Rainforest Lumina is home to Southeast Asia’s first multimedia night-walk experience, aiming to trigger an awareness and empathy for nature and wildlife. This multi-sensory night-walk joins technology with the natural rainforest world in an immersive storytelling experience where elements of light, scenography, sound and videos combine to create a compelling landscape at Singapore Zoo. Wandering through the vines, guests are led by a team from the zoo known as the Creature Crew who reveals this enchanted world. The programme is planned to run from 1 July 2018 – 19 February 2019.
Following a one kilometer-long trail, guests will explore Singapore Zoo at night and be treated to a mesmerizing multimedia experience. The night walk consists of more than 10 zones, including interactive features that are bound to excite guests of all ages. Rainforest Lumina is the collaboration between Wildlife Reserves Singapore and the multimedia studio, Moment Factory.
Need a break from the hectic rush and pace of life at the center of the Big Mango? Then take some time out to explore the capital’s first and most popular public park ‘Lumpini’. This 142 acre park allows for multiple outdoor leisure activities such as jogging, Tai Chi, badminton or try a local game of takraw. One of our favorite activities is to stroll around the paths while trying to spot the goliath Asian water monitor lizards. They can be seen swimming or sunning themselves on the banks of the park’s lakes.
Growing up to two meters long, they are one of the largest lizards in the world (if you haven’t seen one, image a cross between a crocodile and snake!). The Asian water monitor is a protected species in Thailand and while they can still be seen in the wild across many areas of Bangkok, one of the largest gatherings is right in the heart of the city. Our morning program combines looking for these awesome animals with some Tai Chi exercises and a typical Thai style breakfast before stopping for the national anthem at 8.00 am sharp when the entire park comes to a standstill.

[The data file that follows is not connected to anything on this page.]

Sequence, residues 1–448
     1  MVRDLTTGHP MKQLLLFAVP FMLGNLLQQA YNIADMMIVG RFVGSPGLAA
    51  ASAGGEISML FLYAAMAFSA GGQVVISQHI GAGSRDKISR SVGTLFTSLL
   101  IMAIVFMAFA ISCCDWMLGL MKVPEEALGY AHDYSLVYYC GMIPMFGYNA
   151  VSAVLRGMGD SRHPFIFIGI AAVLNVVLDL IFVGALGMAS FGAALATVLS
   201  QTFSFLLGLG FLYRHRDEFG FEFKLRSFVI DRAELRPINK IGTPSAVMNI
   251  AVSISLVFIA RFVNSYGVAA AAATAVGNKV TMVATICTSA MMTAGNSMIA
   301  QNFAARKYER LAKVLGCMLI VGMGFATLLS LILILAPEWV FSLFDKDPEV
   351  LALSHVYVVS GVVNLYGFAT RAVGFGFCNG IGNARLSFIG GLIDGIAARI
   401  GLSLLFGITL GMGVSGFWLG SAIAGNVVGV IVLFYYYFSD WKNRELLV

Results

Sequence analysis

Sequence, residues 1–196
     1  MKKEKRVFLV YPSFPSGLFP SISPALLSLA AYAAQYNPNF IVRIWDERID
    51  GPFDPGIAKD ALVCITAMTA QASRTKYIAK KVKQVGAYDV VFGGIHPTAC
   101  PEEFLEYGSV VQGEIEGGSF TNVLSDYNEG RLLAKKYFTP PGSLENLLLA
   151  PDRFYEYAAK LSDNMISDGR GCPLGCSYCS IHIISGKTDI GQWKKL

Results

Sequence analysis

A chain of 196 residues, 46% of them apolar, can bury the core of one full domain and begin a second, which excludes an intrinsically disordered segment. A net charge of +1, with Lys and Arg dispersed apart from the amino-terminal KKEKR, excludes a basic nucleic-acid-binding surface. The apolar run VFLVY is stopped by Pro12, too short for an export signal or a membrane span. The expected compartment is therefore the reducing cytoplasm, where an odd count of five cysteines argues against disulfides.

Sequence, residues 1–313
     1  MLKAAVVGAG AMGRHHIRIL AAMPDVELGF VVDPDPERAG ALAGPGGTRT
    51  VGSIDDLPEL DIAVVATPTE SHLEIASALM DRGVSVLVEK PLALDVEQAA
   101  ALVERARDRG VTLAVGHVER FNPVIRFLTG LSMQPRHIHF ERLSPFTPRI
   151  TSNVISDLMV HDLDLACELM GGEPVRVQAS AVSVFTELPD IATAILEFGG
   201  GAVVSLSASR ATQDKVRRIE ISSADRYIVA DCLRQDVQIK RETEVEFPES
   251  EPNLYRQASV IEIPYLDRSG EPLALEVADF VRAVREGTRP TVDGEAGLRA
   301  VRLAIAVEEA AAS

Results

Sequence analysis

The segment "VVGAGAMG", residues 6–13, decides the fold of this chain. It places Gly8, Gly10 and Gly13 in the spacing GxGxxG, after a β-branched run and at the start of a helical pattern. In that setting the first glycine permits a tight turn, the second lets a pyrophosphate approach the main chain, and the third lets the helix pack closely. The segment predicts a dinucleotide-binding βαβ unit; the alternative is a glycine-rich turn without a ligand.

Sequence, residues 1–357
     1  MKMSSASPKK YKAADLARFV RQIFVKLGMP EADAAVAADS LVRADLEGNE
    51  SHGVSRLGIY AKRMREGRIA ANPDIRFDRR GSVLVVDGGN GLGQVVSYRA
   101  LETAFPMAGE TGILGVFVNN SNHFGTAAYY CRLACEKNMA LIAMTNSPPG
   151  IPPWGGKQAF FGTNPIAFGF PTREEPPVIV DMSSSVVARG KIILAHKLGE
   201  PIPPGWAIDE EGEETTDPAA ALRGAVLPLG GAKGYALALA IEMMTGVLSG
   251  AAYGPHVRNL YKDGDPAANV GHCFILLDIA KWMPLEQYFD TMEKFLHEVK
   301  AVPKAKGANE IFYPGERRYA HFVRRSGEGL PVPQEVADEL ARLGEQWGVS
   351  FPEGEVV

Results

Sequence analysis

Did you know that on Lantau Island cattle and water buffalo are free to roam the land as they please. It’s been a long existing ecosystem structure; between these mammals, humans and a whole host of wildlife found on the island. There is an important relationship that exists between many of the birds and the buffalo/cattle. During periods of extreme weather, birds including Red-breasted Flycatchers, Daurian Redstarts and Red-Flanked Bluetails that have struggled to find their natural source of food, have been sustained through feeding on buffalo dung.
Yellow cattle were once a very important part of village life on Lantau. As recently as 30 years ago, cattle were needed to plough the upland paddy fields for rice cultivation on Lantau Island. These days the cattle are no longer used and rice cultivation has been replaced by small vegetable plots. Their droppings (dung) were the most important fertilizer for gardens – and can still be used for this purpose today. At the Trappist Monastery, cows were kept for providing fresh milk. Today’s herds at Cheung Sha, Tong Fuk, Shui Hau, Shek Pik and Discovery Bay are a small remnant (some 70 animals) of the once numerous herds that roamed these pastures. Destination Asia Hong Kong can take visitors back to this period on a walk through the pastoral history of Lantau Island. We uncover the history of working animals on the island and learn how its needs have changed over recent years.